Three Thoughts That Can Increase Anxiety

Anxiety can easily rule your life if you let it. Certain thoughts increase anxiety symptoms and make it even harder to cope with anxious feelings. Recognizing and working to cut back on these thought patterns can be life changing. But, what are they? What are these harmful thoughts?

There are several but I am going to start by focusing on three main ones:

1.) Focusing on the negative — This is also called “catastrophizing” or the tendency to focus on and imagine worst case scenarios. If you are always consumed with the worst that can happen, or what went wrong, then you are always going to feel pretty crappy. Instead, switch gears. Next time you notice your internal negative self-talk, put a cap in it. Ask yourself to name three positive things or things you feel grateful for. Try to shift your focus toward the good or to things that are more “helpful” and your mood with follow.

2.) All-or-Nothing — If we always focus on getting exactly what we want or nothing at all, we aren’t allowing any room for other positive outcomes. Try shifting or reframing your perspective on how you are viewing it. It is still possible that even if you don’t get everything you want, you will still get something. For example maybe you didn’t get the exact job you applied for but you did get another one that will allow you to potentially move into the other job later. You could react by being distraught that you didn’t get the job you wanted, or you could focus on the fact that you still got something. It might not be exactly what you want but it is better than nothing.

3.) Shoulds — Many anxiety sufferers have ways that they think things “should” work out. They think they “should” act a certain way. They “should” do this or “should” do that. End the should. There is no clear cut answer. Nobody says you have to act exactly a certain way to be a good mom, a good employee, a good friend. You might have your own personal way of doing things and just because it isn’t what you think “should” be done doesn’t mean it is wrong. When we always think about things in black and white it is putting an awful lot of pressure on ourselves and the people around us. There are so many different colors in the middle, so many other options.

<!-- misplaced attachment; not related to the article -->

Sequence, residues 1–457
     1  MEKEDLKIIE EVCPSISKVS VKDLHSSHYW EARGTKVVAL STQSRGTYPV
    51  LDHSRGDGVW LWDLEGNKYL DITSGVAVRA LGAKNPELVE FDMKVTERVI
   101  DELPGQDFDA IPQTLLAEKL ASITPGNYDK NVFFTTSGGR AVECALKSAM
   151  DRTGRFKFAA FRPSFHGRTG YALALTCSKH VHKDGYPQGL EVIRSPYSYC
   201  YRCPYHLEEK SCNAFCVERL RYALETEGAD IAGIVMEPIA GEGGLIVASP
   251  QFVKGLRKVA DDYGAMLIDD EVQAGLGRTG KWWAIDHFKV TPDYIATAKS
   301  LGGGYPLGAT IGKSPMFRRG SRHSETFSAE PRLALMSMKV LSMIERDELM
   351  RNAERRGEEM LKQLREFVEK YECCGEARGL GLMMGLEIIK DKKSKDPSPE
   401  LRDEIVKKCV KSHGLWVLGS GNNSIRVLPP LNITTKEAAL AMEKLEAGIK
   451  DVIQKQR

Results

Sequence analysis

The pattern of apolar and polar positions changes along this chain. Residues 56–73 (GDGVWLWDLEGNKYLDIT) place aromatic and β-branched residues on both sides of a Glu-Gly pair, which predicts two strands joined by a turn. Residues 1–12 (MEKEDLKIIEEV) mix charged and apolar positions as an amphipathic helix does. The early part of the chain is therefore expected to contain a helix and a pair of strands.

It might feel impossible to tackle these patterns on your own, and that is ok. It may be helpful to you to seek out a therapist to help establish these coping techniques. It is also helpful to get a friend or close family member on board, surround yourself with positive people who will cheer you on and lift you up. The psychologists at Wellness Psychological Services are uniquely and expertly specialized in helping you target these kinds thoughts. We welcome the chance to discuss an individualized plan to meet your needs. Contact us for an appointment anytime. ​

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